(NaturalNews) The herbal supplement milk thistle may prevent liver damage in people undergoing chemotherapy, according to a new study conducted by researchers from Columbia University Medical Center and published in the journal Cancer
Researchers conducted the study on 50 children undergoing a "maintenance" round of chemotherapy for acute lymphoblastic leukemia (ALL), a type of blood cancer. Approximately two-thirds of all children undergoing treatment for ALL usually develop liver toxicity during their treatment, presenting doctors with the choice between scaling back the treatment and risking a resurgence of the cancer, or continuing with treatment unaltered and risking permanent liver damage and lifelong health complications. There is currently no known way of preventing liver toxicity in chemotherapy patients.
Study participants were assigned to take either a milk thistle pill or a placebo capsule for one month. At the start of the study, all 50 children were suffering from liver inflammation due to prior rounds of chemotherapy. By the end, children taking milk thistle had significantly lower levels of two liver inflammation markers than children taking a placebo.
Milk thistle has been used for more than 2,000 years as an herbal treatment for liver and gallbladder problems. Although researchers have looked for evidence that the herb might help prevent or even treat liver damage in people with hepatitis or cirrhosis, results have been inconclusive.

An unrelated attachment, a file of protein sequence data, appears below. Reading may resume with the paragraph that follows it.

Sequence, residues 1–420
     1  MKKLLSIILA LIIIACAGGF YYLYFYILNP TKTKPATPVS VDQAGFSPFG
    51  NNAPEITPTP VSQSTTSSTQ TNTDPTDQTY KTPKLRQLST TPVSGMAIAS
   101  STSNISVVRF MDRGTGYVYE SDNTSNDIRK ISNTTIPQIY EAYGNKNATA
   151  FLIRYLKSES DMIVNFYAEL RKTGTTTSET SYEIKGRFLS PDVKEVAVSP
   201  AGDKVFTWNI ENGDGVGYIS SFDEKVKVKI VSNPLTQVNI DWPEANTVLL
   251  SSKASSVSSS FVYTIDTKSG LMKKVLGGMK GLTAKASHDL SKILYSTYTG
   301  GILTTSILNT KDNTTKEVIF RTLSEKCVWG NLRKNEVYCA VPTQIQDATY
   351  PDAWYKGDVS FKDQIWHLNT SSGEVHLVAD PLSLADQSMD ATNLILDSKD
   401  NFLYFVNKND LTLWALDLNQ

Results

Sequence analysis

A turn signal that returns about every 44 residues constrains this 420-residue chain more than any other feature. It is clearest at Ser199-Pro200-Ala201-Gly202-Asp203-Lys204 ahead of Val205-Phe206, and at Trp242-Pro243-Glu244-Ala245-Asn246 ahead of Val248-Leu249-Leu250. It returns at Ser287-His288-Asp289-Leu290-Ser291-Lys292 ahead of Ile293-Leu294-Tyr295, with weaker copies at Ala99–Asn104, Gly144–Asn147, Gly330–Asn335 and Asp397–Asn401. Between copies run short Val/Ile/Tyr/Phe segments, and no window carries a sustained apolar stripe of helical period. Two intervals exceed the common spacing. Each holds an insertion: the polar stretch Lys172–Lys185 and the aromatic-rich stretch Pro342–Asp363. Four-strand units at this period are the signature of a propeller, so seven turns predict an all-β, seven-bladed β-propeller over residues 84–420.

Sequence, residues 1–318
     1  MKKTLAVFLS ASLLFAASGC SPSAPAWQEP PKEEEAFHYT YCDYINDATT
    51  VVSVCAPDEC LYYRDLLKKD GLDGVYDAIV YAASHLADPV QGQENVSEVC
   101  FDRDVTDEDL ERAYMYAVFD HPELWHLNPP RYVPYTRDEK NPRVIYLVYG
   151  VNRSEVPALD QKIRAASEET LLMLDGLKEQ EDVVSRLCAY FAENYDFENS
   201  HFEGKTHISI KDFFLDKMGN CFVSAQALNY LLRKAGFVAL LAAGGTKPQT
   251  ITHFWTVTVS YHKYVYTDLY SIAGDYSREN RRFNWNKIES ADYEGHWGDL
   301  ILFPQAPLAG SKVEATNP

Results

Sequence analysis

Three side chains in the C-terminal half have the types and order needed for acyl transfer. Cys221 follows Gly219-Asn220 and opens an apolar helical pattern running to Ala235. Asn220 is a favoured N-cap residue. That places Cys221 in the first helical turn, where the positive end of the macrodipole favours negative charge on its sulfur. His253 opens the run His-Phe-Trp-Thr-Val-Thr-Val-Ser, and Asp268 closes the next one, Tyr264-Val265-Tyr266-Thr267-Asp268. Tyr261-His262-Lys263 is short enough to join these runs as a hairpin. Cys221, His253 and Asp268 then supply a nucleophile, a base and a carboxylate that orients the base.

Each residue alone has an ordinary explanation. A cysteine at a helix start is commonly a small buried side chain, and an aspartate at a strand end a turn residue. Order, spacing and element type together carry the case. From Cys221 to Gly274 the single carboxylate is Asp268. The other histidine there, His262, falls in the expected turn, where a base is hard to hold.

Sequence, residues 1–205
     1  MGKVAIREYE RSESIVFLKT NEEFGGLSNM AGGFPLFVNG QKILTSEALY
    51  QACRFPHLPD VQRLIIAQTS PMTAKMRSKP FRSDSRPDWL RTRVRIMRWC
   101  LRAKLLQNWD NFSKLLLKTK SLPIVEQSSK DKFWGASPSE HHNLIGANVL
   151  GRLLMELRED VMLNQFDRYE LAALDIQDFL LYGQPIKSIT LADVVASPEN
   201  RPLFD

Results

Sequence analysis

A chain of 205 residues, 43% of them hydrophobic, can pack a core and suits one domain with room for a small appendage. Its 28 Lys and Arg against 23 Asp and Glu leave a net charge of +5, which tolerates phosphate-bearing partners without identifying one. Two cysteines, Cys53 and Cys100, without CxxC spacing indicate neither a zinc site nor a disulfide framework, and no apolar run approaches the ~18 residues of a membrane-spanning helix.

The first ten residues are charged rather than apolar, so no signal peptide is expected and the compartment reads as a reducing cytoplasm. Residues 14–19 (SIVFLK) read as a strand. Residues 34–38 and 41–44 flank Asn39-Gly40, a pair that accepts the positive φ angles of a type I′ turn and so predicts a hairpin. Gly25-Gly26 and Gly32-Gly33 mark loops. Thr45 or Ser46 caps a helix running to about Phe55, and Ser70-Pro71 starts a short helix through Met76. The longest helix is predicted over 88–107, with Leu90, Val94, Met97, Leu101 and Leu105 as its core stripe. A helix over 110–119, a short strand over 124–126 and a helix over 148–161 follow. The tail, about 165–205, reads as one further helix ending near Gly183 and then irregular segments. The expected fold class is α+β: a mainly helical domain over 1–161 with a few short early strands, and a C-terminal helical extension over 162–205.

However, recent studies suggest that milk thistle
contains an active antioxidant known as silybin that might help block toxins from breaching cell walls.
Milk thistle supplements are already sold over the counter. Striking a cautionary note, however, senior researcher Kara M. Kelley noted that further research is needed before the plant can be recommended as a treatment. She advised against patients self-medicating with milk
thistle, noting that all patients undergoing treatment for cancer should always check with their doctors before taking any new kinds of supplements.
Sources for this story include: abcnews.go.com.